Putting it another way, the three situations for East (KQ, K and Q) are NOT roughly as likely as each other because K and Q are never East's options.

Andrew Robson's website presents this hand in support of the fallacy.

S A 10 5 3 2

H A Q 3

D A Q 3

C K Q

S Q 9 8                   S J

H 10 9 8 6               H 5 4 2

D 8 4 2                    D 10 9 6 5

C 9 7 5                    C 10 8 4 3 2

S K 7 6 4

H K J 7

D K J 7

C A J 6

West leads the 10 of hearts, declarer wins with the jack and cashes the king of spades. West follows with the 8 and East the jack.South leads the 4 of spades and West follows with the 9.        The only outstanding spade is the queen. Is West or East more likely to have the king?

Any rational person knows that East is the slight favourite because East has eleven unknown cards and West has only ten. Rational people play for the drop.

However, Andrew Robson asserts “ declarer used PRC to deduce that West was twice as likely to hold the adjacent card ”.

So, Robson believes that playing for the drop is 2 to 1 against. I have a very generous offer for him or any other believer in the Principle of Restricted Choice!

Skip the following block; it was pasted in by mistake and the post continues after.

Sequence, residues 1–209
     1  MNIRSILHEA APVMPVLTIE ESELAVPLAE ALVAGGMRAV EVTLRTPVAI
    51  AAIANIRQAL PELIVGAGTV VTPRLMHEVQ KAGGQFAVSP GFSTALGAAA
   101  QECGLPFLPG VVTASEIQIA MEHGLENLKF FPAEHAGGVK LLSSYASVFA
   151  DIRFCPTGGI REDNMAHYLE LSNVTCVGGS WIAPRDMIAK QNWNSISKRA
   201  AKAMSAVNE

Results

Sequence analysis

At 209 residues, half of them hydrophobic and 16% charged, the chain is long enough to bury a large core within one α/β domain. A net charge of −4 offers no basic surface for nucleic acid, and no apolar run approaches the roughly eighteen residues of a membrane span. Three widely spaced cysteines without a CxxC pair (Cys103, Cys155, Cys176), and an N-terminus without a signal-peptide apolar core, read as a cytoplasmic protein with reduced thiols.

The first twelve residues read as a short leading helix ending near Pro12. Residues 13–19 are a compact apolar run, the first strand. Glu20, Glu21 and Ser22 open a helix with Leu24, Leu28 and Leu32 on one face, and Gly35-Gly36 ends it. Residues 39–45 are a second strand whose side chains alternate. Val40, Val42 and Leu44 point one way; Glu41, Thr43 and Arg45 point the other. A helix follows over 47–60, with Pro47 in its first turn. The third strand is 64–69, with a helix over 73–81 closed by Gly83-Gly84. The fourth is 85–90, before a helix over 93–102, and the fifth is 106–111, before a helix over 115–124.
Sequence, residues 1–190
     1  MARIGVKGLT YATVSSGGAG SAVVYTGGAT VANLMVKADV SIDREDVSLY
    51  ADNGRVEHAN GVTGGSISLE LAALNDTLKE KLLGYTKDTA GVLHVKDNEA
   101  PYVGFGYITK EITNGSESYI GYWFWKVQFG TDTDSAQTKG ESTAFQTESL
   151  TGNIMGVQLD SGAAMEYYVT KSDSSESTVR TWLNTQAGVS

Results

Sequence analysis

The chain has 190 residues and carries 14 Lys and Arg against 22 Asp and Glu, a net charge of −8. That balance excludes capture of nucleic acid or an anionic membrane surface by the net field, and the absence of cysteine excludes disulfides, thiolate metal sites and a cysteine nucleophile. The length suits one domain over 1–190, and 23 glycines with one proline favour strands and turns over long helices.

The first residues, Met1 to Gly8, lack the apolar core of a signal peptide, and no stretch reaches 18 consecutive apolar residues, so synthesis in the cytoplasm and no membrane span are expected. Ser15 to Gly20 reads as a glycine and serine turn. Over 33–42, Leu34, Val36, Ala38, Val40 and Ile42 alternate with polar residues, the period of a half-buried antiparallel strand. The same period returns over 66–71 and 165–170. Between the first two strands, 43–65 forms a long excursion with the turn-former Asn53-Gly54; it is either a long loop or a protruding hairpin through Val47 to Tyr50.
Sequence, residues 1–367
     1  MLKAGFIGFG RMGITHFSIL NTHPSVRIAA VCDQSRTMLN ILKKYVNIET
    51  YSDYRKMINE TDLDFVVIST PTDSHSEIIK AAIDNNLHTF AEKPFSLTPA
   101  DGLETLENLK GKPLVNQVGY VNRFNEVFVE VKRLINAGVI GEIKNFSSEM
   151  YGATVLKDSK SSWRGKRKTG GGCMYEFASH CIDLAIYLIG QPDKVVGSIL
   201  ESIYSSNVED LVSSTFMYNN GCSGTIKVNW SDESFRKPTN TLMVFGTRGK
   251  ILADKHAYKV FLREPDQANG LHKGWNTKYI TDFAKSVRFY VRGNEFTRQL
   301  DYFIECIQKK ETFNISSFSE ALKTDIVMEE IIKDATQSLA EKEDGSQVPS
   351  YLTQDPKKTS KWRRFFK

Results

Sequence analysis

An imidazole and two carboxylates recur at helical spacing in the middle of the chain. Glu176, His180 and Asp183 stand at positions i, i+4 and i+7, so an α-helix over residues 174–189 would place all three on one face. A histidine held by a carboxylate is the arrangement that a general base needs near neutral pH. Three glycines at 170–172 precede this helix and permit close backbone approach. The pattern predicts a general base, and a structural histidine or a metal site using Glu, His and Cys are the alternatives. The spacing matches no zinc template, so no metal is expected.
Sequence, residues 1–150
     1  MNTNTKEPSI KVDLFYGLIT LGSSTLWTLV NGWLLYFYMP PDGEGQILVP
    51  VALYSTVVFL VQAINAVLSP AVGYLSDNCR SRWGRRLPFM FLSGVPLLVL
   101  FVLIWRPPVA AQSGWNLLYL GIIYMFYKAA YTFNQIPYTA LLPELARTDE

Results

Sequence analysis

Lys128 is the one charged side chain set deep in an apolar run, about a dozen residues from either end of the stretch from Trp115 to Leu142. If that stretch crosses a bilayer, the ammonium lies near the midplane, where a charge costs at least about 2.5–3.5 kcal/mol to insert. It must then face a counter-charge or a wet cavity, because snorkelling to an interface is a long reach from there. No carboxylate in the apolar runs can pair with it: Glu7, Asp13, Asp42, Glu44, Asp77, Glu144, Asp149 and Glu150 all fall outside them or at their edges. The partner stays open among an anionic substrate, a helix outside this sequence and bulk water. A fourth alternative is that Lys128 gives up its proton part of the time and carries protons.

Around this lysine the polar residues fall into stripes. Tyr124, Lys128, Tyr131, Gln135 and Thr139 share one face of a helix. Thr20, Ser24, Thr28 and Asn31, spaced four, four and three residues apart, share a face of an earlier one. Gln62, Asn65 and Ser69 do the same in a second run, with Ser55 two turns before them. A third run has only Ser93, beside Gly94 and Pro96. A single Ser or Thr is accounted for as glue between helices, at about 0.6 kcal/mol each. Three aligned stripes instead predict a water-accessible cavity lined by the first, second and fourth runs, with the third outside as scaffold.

Assuming that North and East played low on the first round of hearts, then at the point of decision (when declarer has to play from dummy on the 9 of spades) the 21 outstanding East-West cards are:- S Q

H 9.8.6.5 4

D 10 9 8 6 5 4 2

C 10 9 8 7 5 4 3 2

If we take these take these 21 cards, shuffle them and deal them to East and West (starting with East because needs 11 of them) and leave the other 31 cards as they are in the diagram above we have a deal consistent with the facts.

If you believe that playing for the drop is 2 to 1 against surely you will lay me 6 to 4 against if I bet on the drop.

If you will then I propose that we shuffle and deal, I bet £20 on the drop at 6 to 4 against. Then we shuffle, deal and if the finesse wins I lose £20 or if it fails I win £30. We do this again and again until one of us admits that he or she is wrong.